An increasingly popular option is to back up your files to one of the free password-protected cloud-based services such as OneDrive, iCloud, Google Drive, and Dropbox. These services store your files online – therefore, protected from local threats.

With cloud services, you can access all your backed-up stuff from virtually any Internet-connected computer, tablet or smartphone in the world. Most cloud services have free apps that make it easy to download or upload files with your mobile device.

Cloud storage is free for a few gigabytes – about 5GB, typically – but that might not be enough for those with a lot of files to back up. It should be ample for documents, but not enough for a lot for photos and videos. Cloud services offer a paid option, too, for additional storage.

“With the cloud, you can be at a friend’s house and realize you need a file, and so simply open your phone or open a browser on a computer and access it,” says Bajarin. “I back up everything on my Mac to iCloud and I pay for the 2TB of storage for $10 a month,” he adds.

True, online cloud services like iCloud can save your files automatically, but many external SSDs and HDDs also have software that does that, too (such as every night at 11:30 p.m.).

Cloud computing can also reduce congestion in someone’s inbox. Rather than trying to email a number of large photos or videos to a family member or colleague, which can clog up their inbox, you can simply store them in the cloud and send a link to download the goods. This is incredibly convenient, and easy to do.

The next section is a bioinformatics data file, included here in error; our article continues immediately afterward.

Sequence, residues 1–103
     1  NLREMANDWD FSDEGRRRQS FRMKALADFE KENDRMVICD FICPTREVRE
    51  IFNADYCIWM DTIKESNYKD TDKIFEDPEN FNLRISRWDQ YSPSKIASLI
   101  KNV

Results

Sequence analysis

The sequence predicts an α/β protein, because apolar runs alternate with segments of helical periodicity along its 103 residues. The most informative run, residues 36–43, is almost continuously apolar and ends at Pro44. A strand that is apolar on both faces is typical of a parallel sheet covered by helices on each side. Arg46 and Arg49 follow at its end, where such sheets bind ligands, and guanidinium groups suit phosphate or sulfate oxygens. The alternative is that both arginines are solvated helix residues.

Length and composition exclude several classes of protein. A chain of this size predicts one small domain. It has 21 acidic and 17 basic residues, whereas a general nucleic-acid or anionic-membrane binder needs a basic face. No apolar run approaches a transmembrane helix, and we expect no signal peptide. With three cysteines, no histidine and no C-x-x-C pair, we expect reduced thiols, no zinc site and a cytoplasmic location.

Some downsides: You need an internet connection to access your cloud-stored files, so this option may not be ideal for those who live in areas with slow or spotty broad – band and Wi-Fi or cellular connectivity. Also, you are essentially “renting” storage on a company’s server, therefore when you stop paying you can’t access your files.

A surprising storage option

Finally, a free way to back up your important files is to find a device you may have lying around – like a smartphone, tablet or even a digital photo frame – and plug it into your PC or Mac’s USB port to drag and drop important files over.

After all, there is unused storage here, so if cash is tight, find an old Android smartphone or iPad with a broken screen, and take advantage of its internal memory to create an external backup for your computer.

As long as you do something to back up your important files on a regular basis – and the more you can automate it with software in case you forget – the better you can safeguard your digital life.